One glass test tube can cost between $1 and $5. Bubble wrap, by contrast, is dirt cheap. One square foot of it, with about 100 to 500 bubbles depending on bubble dimensions, costs only 6 cents, Whiteside and his team reported Thursday in the journal Analytical Chemistry.
"You can take out a roll of bubble wrap, and you have a bunch of little test tubes," he says. "This is an opportunity to potentially use material that would otherwise have been thrown away."
While visiting scientists around the world, Whiteside noticed that many labs in developing countries don't even have simple pieces of equipment, such as test tubes for running blood tests, storing urine samples or growing microbes.
That's when the idea popped into his head: Bubble wrap. The packaging material is readily available all over the globe. And scientists often have it around the lab because other equipment is shipped in it.
So Whiteside and his team tried injecting blood and chemicals into the clear blisters with a needle and syringe. They then sealed the holes with nail polish.
The bubbles held the liquid with no problem. And since the plastic is clear, the team could use the mini-test tubes for tests that involve color changes. For instance, to test for anemia, the scientists added a chemical that changes colors when it reacts with iron in blood. They also successfully grew bacteria and worms inside the bubbles.
But to make a good test tube or petri dish, the bubble wrap also needed to be sterile
So Whiteside's students filled the plastic bubbles with a solution of food for microorganisms and looked to see if bacteria grew in the bubbles. After four days, no microbes appeared. To their surprise, the air and plastic inside the bubbles were completely sterile.
That finding also surprised Michele Barry, a tropical disease doctor at Stanford University, who wasn't involved in the study.
"I had no idea that the bubbles themselves where sterile, which is fabulous," she tells Goats and Soda. "I just assumed it would be colonized by bugs. So this is amazingly interesting."
Labs in poor countries have a great need to store samples, Barry points out. The bubble wrap could also be used to test water for toxic metals, such as mercury, arsenic and lead, she says.
But the plastic packaging comes with many limitations. The mini-test tubes must be handled carefully or they'll pop — literally. And bubble wrap is sensitive to light. It degrades over time.
To use the bubble wrap, scientists need needles and syringes — which could be just as scarce as test tubes in a barebones lab, Barry points out.
Whiteside says he doesn't have specific plans to roll out the bubble wrap in labs anytime soon. But he hopes that this proof-of-concept study will inspire other scientists around the world to take the idea and wrap it up.
Sometimes called the fastest game on two feet, lacrosse is also one of the fastest-growing sports in the U.S.
Between 2008 and 2012, kids' participation in lacrosse climbed 158 percent to a little more than three-quarters of a million, according to a survey conducted by the Sports & Fitness Industry Association/Physical Activity Council. At the same time participation in baseball, basketball, football and soccer has either stagnated or declined.
Kids who play lacrosse will tell you there's lots of action. Now, there's an analysis of injuries sustained by high school lacrosse players that quantifies the risks. Researchers analyzed a database of reports compiled by athletic trainers at high schools across the country.
Overall, there are about 2 injuries for every 1,000 exposures to the game, according to researchers from the Colorado School of Public Health and the Center for Injury Research and Policy at Nationwide Children's Hospital in Cincinnati. An exposure was defined as one athlete taking part in a school-sanctioned game or practice.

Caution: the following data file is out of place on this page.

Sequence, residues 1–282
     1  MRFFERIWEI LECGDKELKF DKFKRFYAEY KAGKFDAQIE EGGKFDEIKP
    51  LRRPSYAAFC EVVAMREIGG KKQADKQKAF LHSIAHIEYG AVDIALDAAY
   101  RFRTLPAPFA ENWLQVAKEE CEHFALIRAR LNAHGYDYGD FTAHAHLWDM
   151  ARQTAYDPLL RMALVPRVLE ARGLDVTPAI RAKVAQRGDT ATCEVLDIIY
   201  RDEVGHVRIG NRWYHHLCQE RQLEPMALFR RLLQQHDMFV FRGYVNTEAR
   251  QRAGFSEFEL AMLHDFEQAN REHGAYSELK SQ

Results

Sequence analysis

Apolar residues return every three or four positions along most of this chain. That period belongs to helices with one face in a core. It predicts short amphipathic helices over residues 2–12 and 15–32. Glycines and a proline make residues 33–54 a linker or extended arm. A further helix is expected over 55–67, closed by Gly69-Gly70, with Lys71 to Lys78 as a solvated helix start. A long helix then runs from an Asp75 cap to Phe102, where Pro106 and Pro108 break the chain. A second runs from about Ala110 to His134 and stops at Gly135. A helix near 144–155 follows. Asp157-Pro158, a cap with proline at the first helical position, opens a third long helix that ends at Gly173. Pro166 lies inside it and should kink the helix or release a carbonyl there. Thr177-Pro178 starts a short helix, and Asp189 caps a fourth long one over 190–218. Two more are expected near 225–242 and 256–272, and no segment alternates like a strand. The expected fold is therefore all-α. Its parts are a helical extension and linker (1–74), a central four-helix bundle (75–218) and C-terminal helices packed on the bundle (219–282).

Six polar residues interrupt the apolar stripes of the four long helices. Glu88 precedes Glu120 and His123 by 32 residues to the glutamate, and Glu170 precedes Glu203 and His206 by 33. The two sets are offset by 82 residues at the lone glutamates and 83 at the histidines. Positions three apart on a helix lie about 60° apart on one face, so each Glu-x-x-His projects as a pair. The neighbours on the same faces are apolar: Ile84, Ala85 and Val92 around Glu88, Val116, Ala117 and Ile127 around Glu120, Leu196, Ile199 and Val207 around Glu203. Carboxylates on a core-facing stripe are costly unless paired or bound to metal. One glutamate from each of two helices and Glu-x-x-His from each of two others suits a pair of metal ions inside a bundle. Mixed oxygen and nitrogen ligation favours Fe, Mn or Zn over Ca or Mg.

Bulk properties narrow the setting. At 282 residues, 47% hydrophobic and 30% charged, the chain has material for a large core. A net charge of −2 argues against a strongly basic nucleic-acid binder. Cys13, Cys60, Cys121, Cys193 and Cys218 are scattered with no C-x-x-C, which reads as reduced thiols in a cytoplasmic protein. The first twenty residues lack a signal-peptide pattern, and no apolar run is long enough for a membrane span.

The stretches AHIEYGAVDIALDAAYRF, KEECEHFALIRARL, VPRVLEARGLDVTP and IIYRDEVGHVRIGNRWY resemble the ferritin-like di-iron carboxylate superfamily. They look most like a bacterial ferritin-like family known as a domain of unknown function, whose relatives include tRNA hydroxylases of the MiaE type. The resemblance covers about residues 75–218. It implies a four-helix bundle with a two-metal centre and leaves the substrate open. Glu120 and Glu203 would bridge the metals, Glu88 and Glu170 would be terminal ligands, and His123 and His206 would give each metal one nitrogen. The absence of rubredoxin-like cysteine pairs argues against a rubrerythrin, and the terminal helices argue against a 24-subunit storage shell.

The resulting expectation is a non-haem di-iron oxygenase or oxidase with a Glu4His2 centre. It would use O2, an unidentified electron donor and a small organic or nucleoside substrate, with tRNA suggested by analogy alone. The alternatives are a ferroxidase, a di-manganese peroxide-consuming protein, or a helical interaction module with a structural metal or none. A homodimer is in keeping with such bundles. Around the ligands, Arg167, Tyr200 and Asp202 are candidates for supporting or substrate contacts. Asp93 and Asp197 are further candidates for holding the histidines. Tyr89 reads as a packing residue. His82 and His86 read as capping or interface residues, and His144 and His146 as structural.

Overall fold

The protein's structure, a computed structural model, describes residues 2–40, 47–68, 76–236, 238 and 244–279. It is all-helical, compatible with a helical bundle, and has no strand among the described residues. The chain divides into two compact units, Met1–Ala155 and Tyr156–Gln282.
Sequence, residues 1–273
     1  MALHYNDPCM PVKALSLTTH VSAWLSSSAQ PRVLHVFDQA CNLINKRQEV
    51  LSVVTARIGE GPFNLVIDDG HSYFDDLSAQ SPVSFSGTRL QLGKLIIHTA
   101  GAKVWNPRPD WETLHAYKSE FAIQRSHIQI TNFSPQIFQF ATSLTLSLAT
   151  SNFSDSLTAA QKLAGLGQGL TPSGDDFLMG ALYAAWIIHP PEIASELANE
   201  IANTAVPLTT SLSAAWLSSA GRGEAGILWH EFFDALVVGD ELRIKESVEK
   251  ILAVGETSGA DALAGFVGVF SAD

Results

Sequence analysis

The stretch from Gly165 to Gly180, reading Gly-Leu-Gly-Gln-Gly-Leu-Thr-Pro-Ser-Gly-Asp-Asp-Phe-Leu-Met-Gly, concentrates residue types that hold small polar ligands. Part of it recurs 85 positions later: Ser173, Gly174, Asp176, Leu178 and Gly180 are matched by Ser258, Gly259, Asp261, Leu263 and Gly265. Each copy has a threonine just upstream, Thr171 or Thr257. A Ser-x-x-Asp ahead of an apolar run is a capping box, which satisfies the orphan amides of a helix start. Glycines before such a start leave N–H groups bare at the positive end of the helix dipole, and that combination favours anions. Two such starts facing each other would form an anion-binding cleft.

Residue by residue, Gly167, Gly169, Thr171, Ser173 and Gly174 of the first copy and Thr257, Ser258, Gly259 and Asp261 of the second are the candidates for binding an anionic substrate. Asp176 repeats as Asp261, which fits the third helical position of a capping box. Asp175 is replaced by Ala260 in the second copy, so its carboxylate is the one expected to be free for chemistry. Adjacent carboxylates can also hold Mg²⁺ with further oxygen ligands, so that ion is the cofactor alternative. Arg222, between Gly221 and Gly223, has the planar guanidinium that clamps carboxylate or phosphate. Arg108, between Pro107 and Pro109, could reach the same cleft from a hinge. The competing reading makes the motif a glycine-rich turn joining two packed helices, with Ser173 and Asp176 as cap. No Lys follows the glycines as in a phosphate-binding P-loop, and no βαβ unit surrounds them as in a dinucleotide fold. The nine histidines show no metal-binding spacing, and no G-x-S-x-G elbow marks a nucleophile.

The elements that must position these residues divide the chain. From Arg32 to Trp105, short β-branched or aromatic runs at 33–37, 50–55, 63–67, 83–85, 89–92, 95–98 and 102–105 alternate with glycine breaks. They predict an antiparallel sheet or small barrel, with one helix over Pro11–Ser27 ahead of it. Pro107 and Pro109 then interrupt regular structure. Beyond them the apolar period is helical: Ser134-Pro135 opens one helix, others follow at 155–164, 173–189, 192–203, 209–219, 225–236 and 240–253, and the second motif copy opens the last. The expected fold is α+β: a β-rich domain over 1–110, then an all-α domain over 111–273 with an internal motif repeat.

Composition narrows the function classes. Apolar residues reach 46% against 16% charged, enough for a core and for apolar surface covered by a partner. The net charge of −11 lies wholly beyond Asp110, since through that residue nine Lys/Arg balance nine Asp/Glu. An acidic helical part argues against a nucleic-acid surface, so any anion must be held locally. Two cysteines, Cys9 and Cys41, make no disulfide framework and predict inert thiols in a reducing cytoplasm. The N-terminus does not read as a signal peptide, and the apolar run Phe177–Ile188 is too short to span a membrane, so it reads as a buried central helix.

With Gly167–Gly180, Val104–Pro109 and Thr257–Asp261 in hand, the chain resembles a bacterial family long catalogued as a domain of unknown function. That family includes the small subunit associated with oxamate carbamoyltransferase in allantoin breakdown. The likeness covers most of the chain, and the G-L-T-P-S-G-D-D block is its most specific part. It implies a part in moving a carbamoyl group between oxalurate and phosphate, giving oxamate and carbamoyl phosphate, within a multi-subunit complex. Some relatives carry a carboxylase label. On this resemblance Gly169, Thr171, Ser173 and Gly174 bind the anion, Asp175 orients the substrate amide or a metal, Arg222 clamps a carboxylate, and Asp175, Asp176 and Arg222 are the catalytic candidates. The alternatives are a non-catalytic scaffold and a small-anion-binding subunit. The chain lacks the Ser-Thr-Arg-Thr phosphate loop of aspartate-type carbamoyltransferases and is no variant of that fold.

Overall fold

The most common injuries were strains and sprains, accounting for about 38 percent of those recorded. Concussions were second, at about 22 percent of injuries. Injuries were three times more likely to occur in games than practice. Boys were 1.5 times more likely to be injured than girls.
Boys, in particular, were more likely to sustain concussions than girls — 0.5 concussions per 1,000 exposures for boys compared with 0.35 per 1,000 for girls. The rate of concussions for boys in games was seven times their rate in practice.
How the male and female athletes sustained concussions also differed. "Among boys nearly 75 percent of concussions were the direct result of contact with another player," said Dawn Comstock, associate professor of epidemiology at the University of Colorado School of Public Health and senior author of the paper. "In girls, over 60 percent of the concussions occurred when they were struck by the ball or stick."
In boys lacrosse, full-body contact is allowed and helmets are mandatory. In girls lacrosse, full-body contract is forbidden and helmets aren't typically worn. There's been talk about making helmets part of the girls' game. "The data does seem to support the call to put helmets on girl lacrosse players," Comstock said.
Boys lacrosse has injury rates very similar to football and hockey, Comstock said, while injuries in girls lacrosse are in line with those for soccer, basketball and field hockey.
The results were published online Tuesday by the American Journal of Sports Medicine.
While there are risks from playing lacrosse, there are also benefits. "We don't want any parent who hears about this study to be afraid to allow their child to begin playing lacrosse or to continue playing lacrosse," Comstock said. The side effects of an inactive lifestyle are more of a concern, she said, than the very small risk that any young athlete will sustain a serious injury playing lacrosse.
In late 2013, NPR and Truven Health Analytics surveyed Americans about the risk of sport-related concussions for kids, though we didn't ask about lacrosse. Almost all respondents were fine with idea of kids playing basketball or soccer. Three-quarters were OK with football and about two-thirds approved of hockey.
"Parents are very, very interested in their kids being active in sports," Gerald Gioia, a neuropsychologist at Children's National Health System in Washington, D.C., told Shots in February. "We have to make sure that all sports that kids are involved in are understood in terms of the risks — that we are educating and preparing the coaches and the parents and the kids around those risks."